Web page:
It should be appreciated that when the devices are wireless devices that they may communicate via one or more wireless communication links through a wireless network that are based on or otherwise support any suitable wireless communication technology. For example, in some aspects the wireless device and other devices may associate with a network including a wireless network. In some aspects the network may comprise a body area network or a personal area network (e.g., an ultra-wideband network). In some aspects the network may comprise a local area network or a wide area network. A wireless device may support or otherwise use one or more of a variety of wireless communication technologies, protocols, or standards such as, for example, 3G, LTE, Advanced LTE, 4G, 5G, CDMA, TDMA, OFDM, OFDMA, WiMAX, and WiFi. Similarly, a wireless device may support or otherwise use one or more of a variety of corresponding modulation or multiplexing schemes. A wireless device may thus include appropriate components (e.g., air interfaces) to establish and communicate via one or more wireless communication links using the above or other wireless communication technologies. For example, a device may comprise a wireless transceiver with associated transmitter and receiver components (e.g., a transmitter and a receiver) that may include various components (e.g., signal generators and signal processors) that facilitate communication over a wireless medium. As is well known, a wireless device may therefore wirelessly communicate with other mobile devices, cell phones, other wired and wireless computers, Internet web-sites, etc.

The teachings herein may be incorporated into (e.g., implemented within or performed by) a variety of apparatuses (e.g., devices). For example, one or more aspects taught herein may be incorporated into a phone (e.g., a cellular phone), a personal data assistant (“PDA”), a tablet, a wearable device, an Internet of Things (IoT) device, a mobile computer, a laptop computer, an entertainment device (e.g., a music or video device), a headset (e.g., headphones, an earpiece, etc.), a medical device (e.g., a biometric sensor, a heart rate monitor, a pedometer, an EKG device, etc.), a user I/O device, a computer, a wired computer, a fixed computer, a desktop computer, a server, a point-of-sale device, a set-top box, or any other type of computing device. These devices may have different power and data requirements.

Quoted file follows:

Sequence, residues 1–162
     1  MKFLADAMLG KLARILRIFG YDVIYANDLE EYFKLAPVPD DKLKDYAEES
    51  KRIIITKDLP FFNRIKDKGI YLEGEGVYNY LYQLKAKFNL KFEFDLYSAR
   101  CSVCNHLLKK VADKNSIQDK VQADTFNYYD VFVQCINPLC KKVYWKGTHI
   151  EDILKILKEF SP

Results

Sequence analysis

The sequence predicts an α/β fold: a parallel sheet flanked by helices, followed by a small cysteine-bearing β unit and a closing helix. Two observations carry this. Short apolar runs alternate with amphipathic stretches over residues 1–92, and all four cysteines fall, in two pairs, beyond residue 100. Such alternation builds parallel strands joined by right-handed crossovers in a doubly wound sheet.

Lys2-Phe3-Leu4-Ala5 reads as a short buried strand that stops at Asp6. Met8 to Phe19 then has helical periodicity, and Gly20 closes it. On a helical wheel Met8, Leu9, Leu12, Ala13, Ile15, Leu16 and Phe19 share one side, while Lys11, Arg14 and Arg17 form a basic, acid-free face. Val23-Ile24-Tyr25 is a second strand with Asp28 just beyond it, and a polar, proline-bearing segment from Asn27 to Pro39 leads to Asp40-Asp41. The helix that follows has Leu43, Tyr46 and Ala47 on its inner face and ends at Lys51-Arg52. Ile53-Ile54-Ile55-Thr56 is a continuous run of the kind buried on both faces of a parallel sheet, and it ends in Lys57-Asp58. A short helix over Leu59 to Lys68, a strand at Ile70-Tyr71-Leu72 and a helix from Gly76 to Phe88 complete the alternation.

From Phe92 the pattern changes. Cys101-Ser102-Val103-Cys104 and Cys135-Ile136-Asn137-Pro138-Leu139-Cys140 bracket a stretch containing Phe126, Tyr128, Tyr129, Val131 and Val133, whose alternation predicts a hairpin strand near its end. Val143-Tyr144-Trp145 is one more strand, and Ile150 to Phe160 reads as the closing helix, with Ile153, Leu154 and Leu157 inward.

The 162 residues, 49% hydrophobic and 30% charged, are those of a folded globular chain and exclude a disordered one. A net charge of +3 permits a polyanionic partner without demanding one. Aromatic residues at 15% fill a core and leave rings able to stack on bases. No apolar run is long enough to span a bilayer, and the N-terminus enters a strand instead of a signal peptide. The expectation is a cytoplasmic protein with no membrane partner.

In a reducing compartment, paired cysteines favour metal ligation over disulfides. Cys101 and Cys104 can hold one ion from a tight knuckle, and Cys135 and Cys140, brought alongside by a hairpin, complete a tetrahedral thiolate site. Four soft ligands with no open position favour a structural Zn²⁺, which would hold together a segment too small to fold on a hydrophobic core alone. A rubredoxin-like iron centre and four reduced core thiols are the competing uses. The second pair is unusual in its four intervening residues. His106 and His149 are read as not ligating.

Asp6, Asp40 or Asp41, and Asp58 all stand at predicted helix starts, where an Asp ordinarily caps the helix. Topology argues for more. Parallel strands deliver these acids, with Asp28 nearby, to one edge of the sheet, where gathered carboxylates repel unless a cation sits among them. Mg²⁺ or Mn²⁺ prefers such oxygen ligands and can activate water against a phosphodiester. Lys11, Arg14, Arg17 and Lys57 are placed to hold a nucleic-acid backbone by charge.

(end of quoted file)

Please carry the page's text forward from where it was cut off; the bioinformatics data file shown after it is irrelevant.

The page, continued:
In some aspects a wireless device may comprise an access device (e.g., a Wi-Fi access point) for a communication system. Such an access device may provide, for example, connectivity to another network (e.g., a wide area network such as the Internet or a cellular network) via a wired or wireless communication link. Accordingly, the access device may enable another device (e.g., a WiFi station) to access the other network or some other functionality.

Those of skill in the art would understand that information and signals may be represented using any of a variety of different technologies and techniques. For example, data, instructions, commands, information, signals, bits, symbols, and chips that may be referenced throughout the above description may be represented by voltages, currents, electromagnetic waves, magnetic fields or particles, optical fields or particles, or any combination thereof.

Those of skill would further appreciate that the various illustrative logical blocks, modules, circuits, and algorithm steps described in connection with the embodiments disclosed herein may be implemented as electronic hardware, computer software, firmware, or combinations of both. To clearly illustrate this interchangeability of hardware, firmware, or software, various illustrative components, blocks, modules, circuits, and steps have been described above generally in terms of their functionality. Whether such functionality is implemented as hardware, firmware, or software depends upon the particular application and design constraints imposed on the overall system. Skilled artisans may implement the described functionality in varying ways for each particular application, but such implementation decisions should not be interpreted as causing a departure from the scope of the present invention.